Thursday, 25 July 2013
Dan Bergstein may not know how to knit, but he can make a how-to-knit video because he has a videocam and a YouTube account and it's a free country and all that. Check out Knitting 101 for instructions on how to make a scarf the Dan Bergstein way, and for Dan's words of wisdom, which include, "It's okay to pull real hard, cause it's yarn. Yarn can't feel pain," and, "We're not making mistakes; we're making experiences."
Wednesday, 20 March 2013
Franklin Habit, the blogger responsible for The Panopticon and for the 2009 Guys With Yarn calendar, has created a Tumblr for yarnshaming. You know what yarn he'll shame: that yarn that looked nice in the store, but that let you down by immediately pilling horribly, or shrinking, or making you break out in a rash, or collecting every human and pet hair within a block, or being full of splices, or turning out to be a bad dye lot, or having hand-dyed colours that looked so beautiful in the skein but knitted up like some horrible seventies afghan, or that you never bought at all but have because someone gave it to you and the person keeps asking what you're going to do with it.
I remember two yarns in particular I'd like to shame. There was a pale ice green chenille yarn that looked luscious and soft on the ball but that turned out to be basically thread covered in fuzz. I could easily break it with just my hands. I couldn't do any ravelling out of stitches at all without it showing (the fuzz would get wadded up leaving bare segments of thread), and since it broke so easily the things I made with it were soon full of runs. The store where I bought it only stocked it for a short time since no one who tried it would work with it twice. As one of the sales women told me coyly, "The customers who bought it come back in to the store using certain words to describe it." I can't remember the brand name but it doesn't matter as I don't think it's even in production any more.
The other yarn I hated working with was Mary Maxim's Mellowspun. I bought some several years ago to make a sweater for a friend's little boy. I’d never used it before, and was initially impressed with the beautiful shades it came in and how lovely it felt to work with. And it's bargain priced. But damn, did it ever collect HAIR. My hair, my cat Trlby’s hair, my neighbour’s dog hair from three doors down the street. I'd never seen anything like it. I was constantly ripping hairs out of it as I worked on it. I washed it when I was done and still had to pick out more hair after it came out of the dryer. Never again. And I think I'm going to go through my stash soon and weed out any yarn that I really don't like. Life is too short and knitting time too limited to waste on bad yarn.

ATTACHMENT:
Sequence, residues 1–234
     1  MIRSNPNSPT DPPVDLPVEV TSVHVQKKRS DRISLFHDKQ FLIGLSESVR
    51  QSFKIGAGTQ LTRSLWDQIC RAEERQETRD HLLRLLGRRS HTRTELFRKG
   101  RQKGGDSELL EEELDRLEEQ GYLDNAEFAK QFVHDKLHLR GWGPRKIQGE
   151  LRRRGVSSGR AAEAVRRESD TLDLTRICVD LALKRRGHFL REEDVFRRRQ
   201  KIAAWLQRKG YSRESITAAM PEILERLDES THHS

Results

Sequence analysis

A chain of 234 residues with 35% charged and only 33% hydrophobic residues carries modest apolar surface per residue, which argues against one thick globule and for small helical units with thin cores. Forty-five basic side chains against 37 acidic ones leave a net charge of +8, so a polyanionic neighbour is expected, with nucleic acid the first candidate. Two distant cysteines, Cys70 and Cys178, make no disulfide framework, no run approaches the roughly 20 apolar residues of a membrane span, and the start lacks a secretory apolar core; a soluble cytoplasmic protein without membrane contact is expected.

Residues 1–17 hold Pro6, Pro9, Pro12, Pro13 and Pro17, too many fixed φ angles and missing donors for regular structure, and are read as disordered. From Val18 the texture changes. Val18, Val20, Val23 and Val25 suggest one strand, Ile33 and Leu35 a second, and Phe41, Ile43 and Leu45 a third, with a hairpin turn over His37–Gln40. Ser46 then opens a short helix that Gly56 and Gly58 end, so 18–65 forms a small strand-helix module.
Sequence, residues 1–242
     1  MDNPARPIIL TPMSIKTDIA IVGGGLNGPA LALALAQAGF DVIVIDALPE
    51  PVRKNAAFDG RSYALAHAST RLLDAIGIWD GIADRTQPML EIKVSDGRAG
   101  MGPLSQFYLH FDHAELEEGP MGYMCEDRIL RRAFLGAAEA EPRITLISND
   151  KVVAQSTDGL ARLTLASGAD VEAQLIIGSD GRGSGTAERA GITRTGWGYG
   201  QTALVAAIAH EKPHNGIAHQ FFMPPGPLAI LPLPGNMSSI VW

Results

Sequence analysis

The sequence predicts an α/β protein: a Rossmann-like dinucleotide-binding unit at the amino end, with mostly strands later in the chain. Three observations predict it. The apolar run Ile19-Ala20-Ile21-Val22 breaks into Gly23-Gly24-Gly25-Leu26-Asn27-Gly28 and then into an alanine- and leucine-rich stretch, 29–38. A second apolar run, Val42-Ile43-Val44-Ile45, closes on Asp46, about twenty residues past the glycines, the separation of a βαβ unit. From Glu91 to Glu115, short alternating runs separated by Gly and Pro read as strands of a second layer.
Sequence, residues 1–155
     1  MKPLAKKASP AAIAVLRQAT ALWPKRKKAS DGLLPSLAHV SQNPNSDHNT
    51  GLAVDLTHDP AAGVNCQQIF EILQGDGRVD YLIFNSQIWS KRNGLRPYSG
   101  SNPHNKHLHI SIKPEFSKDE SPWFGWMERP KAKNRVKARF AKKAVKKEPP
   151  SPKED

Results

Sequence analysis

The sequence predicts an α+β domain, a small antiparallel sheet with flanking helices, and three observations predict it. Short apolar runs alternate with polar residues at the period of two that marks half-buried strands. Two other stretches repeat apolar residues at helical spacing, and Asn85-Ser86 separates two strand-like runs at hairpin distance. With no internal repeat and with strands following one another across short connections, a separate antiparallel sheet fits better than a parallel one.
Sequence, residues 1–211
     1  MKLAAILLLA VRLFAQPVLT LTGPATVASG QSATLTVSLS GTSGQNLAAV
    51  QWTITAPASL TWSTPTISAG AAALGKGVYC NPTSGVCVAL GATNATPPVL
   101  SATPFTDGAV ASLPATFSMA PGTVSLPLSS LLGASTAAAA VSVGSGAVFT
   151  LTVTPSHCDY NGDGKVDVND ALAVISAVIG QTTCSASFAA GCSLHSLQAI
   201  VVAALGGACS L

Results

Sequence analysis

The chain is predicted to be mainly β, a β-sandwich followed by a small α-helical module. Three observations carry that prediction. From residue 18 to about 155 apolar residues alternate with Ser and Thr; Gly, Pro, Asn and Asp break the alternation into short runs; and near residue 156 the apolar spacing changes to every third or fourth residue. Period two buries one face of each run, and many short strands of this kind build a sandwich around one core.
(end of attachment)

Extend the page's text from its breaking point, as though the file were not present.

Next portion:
If you've got any bad yarn stories, feel free to share them in the comments!
Thursday, 7 February 2013
Even the most experienced of us make mistakes in laundering. I have two stories about sweater shrinkage. The Christmas my niece Clementine was five, I gave her a pink angora/mohair sweater I'd knitted for her. Clementine only got to wear it once. I had told my sister-in-law not to put in the dryer, but she did and it shrank several sizes and had to be given to Clementine's two-year-old sister. My sister-in-law reported that "there was much weeping and wailing and gnashing of teeth" on Clementine's part, adding to my mother, who lives half an hour's drive from my brother and sister-in-law's farm, "I'm surprised you didn't hear her screaming from here." After that I never gave my sister-in-law's children any items that needed special care. She had three children under six and it just wasn't fair to saddle her with extra work.
Then circa 2003, I, who until that point had never ruined anything in the wash in my life, shrank three sweaters in a six-week stretch. Fortunately they were thrift shop finds rather than handmade, but still. One was completely trashed but the other two shrank down into perfectly proportioned little sweaters, so I gave them to my niece Peaches, who was then about seven. I was told she got lots of wear out of them. And, for the next two or three years, Peaches would occasionally ask me, very hopefully, "Aunt Orange, did you shrink anything else in the wash lately?"
Do you have any horror stories about the time you shrank a hand-knitted item? Feel free to spill them in the comments section. There's nothing like laughing at someone else's hapless shrinkage story to make one feel better about one's own.